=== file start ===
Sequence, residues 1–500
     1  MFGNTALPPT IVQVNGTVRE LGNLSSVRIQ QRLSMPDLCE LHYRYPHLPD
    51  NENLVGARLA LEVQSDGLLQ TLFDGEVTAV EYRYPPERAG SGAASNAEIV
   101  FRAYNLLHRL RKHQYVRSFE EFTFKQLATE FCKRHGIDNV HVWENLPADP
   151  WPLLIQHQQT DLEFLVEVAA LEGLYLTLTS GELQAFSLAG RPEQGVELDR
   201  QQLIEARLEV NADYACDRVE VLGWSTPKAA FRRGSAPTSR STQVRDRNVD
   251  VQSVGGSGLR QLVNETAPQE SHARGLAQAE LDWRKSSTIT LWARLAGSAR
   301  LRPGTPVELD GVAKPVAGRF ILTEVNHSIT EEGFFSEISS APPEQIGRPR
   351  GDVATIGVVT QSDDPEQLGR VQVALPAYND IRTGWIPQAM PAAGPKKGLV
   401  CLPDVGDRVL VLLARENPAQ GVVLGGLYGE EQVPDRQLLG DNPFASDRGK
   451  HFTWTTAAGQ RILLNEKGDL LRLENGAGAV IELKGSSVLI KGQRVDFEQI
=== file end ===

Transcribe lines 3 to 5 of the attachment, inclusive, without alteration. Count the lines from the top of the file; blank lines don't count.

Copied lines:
    51  NENLVGARLA LEVQSDGLLQ TLFDGEVTAV EYRYPPERAG SGAASNAEIV
   101  FRAYNLLHRL RKHQYVRSFE EFTFKQLATE FCKRHGIDNV HVWENLPADP
   151  WPLLIQHQQT DLEFLVEVAA LEGLYLTLTS GELQAFSLAG RPEQGVELDR